U.S. says it stands with PH in 'heartbreaking' fight in Marawi

DEFENSE CHIEF. US Defense Secretary James Mattis addresses the press during a NATO defense ministers' meetings at the NATO headquarters in Brussels on February 15, 2017. File photo by Emmanuel Dunand/AFP

DEFENSE CHIEF. US Defense Secretary James Mattis addresses the press during a NATO defense ministers' meetings at the NATO headquarters in Brussels on February 15, 2017.

File photo by Emmanuel Dunand/AFP

SINGAPORE – In the most concrete statement of support for the Philippines since the election of President Donald Trump, US Defense Secretary James Mattis expressed empathy over the attacks in Marawi – and reassured America would back its longtime ally. 

Mattis made the statements on Saturday, June 3, at the Shangri-La Dialogue here, the region’s largest security and defense summit.

"This heartbreaking attack we are observing right now in a city in Mindanao, reminds us that terrorists intentionally make battlefields where the innocent live. These are also humanitarian fields as we know, and we must all devote ourselves to ensuring a stable environment in which violent extremist organizations wither and die, not our innocent citizens," he said.

"I know I speak for all of us in this room today, that we stand with the Philippines in the fight they are currently engaged in."

Mattis also said the events in Mindanao were a prime example of the spreading threat of radical Islamic terrorism in the region.

"Just last week, ISIS-linked militants in the Philippines attempted to siege part of Marawi City in Mindanao, attacking innocents, killing police and military, and taking worshippers hostage. ISIS also claimed responsibility for the brutal bombings that killed 3 police officers in a Jakarta bus station," he said. 

"We Americans stand in sympathy and support for those whose lives have been brutalized by these criminals.

The retired general then outlined its current assistance to the Philippines, thanking the Philippine government in the process, for allowing the United States to assist its troops – a subtle reaching out to Philippine President Rodrigo Duterte.

"We are helping to train and vitally assist the Philippine forces in their fight against violent extremist organizations in the south and we all owe that support to the Philippine government," he said. "We also continue to support the modernization of the Philippine armed forces to address the country’s security challenges."

"During this challenging fight against the terrorists, we will stand with the people of the Philippines, and we will continue to uphold our commitment to the Philippines under the Mutual Defense Treaty."

Mattis made the statements despite recent anti-American pronouncements by Duterte, including a promise to cancel joint bilateral excercises with the US, and to abrogate treaties like the 2014 Enhanced Defense Cooperation Agreement and the 1999 Visiting Forces Agreement. Duterte has also expressed his desire to see US military personnel leave the Philippines.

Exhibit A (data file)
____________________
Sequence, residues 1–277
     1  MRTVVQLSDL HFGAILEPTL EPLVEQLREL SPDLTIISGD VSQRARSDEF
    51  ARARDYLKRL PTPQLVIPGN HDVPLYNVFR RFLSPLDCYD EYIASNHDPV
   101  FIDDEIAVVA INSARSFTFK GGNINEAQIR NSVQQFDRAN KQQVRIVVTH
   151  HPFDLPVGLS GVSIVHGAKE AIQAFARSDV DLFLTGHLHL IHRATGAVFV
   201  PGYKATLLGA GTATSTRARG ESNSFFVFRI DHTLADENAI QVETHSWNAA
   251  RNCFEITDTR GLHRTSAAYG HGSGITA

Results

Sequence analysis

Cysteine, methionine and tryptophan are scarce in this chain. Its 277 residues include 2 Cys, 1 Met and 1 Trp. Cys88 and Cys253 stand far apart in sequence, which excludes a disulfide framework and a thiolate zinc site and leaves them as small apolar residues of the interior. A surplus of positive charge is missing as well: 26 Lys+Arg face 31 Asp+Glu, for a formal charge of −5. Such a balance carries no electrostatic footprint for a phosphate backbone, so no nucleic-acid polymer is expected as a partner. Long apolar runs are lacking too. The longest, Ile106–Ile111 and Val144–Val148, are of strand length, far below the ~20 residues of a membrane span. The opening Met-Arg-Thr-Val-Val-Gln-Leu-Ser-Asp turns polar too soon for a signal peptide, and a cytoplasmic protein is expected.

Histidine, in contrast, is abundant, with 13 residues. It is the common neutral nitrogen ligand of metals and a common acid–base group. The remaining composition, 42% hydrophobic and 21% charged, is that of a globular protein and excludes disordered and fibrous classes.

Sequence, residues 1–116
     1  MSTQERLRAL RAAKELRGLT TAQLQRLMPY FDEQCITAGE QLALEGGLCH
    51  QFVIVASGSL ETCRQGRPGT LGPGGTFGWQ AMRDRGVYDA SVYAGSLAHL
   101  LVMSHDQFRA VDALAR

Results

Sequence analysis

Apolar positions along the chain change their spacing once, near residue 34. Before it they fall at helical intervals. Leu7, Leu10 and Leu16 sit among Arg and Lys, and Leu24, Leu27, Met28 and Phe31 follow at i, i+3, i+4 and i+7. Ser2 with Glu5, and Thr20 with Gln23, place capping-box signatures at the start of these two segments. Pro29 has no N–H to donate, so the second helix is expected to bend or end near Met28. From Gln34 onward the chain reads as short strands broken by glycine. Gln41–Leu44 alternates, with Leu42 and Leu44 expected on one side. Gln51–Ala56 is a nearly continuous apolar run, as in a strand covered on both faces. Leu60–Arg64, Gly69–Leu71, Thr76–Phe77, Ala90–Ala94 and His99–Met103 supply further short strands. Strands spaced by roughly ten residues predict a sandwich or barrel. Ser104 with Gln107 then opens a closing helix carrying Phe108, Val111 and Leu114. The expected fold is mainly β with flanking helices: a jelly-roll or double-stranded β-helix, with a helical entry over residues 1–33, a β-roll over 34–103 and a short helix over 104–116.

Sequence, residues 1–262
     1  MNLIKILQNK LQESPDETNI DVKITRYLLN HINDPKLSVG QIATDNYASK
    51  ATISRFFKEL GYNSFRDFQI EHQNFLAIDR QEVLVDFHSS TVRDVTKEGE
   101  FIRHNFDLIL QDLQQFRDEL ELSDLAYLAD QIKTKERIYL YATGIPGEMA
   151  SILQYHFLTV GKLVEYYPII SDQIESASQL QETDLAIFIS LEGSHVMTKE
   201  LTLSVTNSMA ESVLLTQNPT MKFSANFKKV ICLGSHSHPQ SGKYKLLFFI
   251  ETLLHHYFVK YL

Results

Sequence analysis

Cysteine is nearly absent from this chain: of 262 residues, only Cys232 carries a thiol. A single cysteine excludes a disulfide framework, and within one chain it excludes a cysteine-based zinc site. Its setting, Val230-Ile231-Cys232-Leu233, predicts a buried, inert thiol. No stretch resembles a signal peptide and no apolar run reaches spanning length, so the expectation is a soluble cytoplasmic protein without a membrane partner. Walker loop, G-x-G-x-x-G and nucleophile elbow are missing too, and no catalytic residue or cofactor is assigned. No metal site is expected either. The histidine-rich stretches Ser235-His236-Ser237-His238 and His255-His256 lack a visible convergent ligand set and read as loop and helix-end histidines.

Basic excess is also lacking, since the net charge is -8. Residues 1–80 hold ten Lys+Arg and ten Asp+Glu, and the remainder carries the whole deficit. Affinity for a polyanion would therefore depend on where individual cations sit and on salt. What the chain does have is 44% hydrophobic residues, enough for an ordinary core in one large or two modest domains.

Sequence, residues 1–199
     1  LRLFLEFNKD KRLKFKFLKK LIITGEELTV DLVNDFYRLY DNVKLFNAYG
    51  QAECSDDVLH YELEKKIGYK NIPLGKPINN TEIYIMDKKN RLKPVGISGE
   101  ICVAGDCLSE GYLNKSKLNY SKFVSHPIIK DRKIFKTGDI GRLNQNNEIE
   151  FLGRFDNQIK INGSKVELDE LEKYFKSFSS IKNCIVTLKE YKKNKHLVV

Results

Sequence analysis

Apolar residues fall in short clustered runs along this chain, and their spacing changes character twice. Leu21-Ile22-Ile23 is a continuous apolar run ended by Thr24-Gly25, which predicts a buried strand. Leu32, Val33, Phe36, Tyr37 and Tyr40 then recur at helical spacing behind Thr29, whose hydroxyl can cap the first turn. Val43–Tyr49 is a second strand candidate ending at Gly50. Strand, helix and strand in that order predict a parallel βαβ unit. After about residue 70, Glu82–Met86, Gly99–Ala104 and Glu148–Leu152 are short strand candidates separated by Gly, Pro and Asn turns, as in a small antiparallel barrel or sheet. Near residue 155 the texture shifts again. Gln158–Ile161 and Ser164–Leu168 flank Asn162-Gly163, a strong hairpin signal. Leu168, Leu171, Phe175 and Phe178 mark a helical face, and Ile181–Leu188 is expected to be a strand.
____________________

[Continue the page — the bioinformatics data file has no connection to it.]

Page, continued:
Duterte has been personally invited by US President Donald Trump to visit the United States, an invite he has yet to accept.

All eyes on Marawi

Clashes between the military and local terrorist groups Abu Sayyaf and the Maute Group, erupted in the capital of Lanao del Sur province on Tuesday, May 23This, after the military moved to hunt down Abu Sayyaf leader Isnilon Hapilon, who had been spotted in the city. (READ: Marawi Clash: Special coverage)

The military said the raid served to foil a terror plan to seize Marawi City. Ongoing fighting has claimed the lives of military, rebels, and civilians, and triggered Duterte to declare martial law in Mindanao. 

Marawi has been mentioned several times in this gathering of ministers and defense and security experts. A day earlier, on Friday, Australian Prime Minister Malcolm Turnbull, in his keynote address, also pointed to the clashes as a sign of terrorists’ shifting focus toward Southeast Asia. 

“Islamist terrorist organizations, including Al-Qaeda and ISIL, are very active in our region as recently demonstrated by the bombing in Jakarta and the large-scale attacks in Mindanao last week,” he said. 

Like the United States, Australia reiterated the urgent need to work together, given the growing threat of terrorism.

“As ISIL’s so called caliphate is destroyed in Syria and Iraq, more fighters will seek to return to our region – battle hardened and trained. And just as the terrorists’ networks are transnational, so must be our collaboration – and nowhere more so in the sharing of intelligence,” he said. 

“To that end, Australia will continue to work with our friends in the region and beyond. This means joining international coalition efforts to defeat Islamist terrorism at its source. And working together to stem the flow of foreign fighters to conflict zones and manage the threat from those who return.”

Mattis also reiterated the need "to defeat extremist organization wherever they attempt to establish roots."

"Together we must act now to prevent this threat from growing, otherwise it will place long-term regional security at risk, and stun regional economic dynamism. We need only look at the chaos and the violence that our friends in the Middle East are contending with to see why we must swiftly and jointly address threats to our region." – Rappler.com